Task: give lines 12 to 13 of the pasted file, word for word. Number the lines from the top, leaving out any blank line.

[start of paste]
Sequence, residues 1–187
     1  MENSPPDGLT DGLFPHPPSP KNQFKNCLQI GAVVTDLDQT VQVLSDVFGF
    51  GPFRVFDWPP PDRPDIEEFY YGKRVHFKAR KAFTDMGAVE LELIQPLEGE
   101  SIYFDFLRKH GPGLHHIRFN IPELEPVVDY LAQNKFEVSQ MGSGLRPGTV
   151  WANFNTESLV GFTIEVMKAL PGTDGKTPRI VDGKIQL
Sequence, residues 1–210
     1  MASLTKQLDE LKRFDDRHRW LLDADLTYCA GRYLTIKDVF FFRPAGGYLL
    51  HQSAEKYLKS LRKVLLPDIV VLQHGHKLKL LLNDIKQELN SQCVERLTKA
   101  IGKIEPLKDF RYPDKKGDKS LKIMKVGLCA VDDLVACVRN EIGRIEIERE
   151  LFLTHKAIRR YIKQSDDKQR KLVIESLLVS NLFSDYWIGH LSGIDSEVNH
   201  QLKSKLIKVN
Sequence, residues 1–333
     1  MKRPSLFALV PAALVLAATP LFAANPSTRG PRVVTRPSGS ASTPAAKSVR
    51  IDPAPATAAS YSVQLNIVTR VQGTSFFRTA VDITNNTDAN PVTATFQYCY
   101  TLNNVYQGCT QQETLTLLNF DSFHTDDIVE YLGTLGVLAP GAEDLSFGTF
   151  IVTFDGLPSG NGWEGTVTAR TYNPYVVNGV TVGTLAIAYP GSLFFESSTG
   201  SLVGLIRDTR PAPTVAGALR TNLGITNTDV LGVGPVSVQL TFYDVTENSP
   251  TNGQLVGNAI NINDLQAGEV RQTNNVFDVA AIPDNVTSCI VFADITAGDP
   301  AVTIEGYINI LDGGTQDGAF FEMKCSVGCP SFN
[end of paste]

Sequence, residues 1–333
     1  MKRPSLFALV PAALVLAATP LFAANPSTRG PRVVTRPSGS ASTPAAKSVR